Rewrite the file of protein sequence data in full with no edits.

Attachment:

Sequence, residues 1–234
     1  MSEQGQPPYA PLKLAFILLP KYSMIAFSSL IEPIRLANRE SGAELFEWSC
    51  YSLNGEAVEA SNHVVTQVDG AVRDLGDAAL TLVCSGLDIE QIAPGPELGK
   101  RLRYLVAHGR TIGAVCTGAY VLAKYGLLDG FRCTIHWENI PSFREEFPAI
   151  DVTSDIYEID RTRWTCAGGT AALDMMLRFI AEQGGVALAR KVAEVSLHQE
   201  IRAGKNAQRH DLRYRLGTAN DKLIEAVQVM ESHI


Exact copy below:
Sequence, residues 1–234
     1  MSEQGQPPYA PLKLAFILLP KYSMIAFSSL IEPIRLANRE SGAELFEWSC
    51  YSLNGEAVEA SNHVVTQVDG AVRDLGDAAL TLVCSGLDIE QIAPGPELGK
   101  RLRYLVAHGR TIGAVCTGAY VLAKYGLLDG FRCTIHWENI PSFREEFPAI
   151  DVTSDIYEID RTRWTCAGGT AALDMMLRFI AEQGGVALAR KVAEVSLHQE
   201  IRAGKNAQRH DLRYRLGTAN DKLIEAVQVM ESHI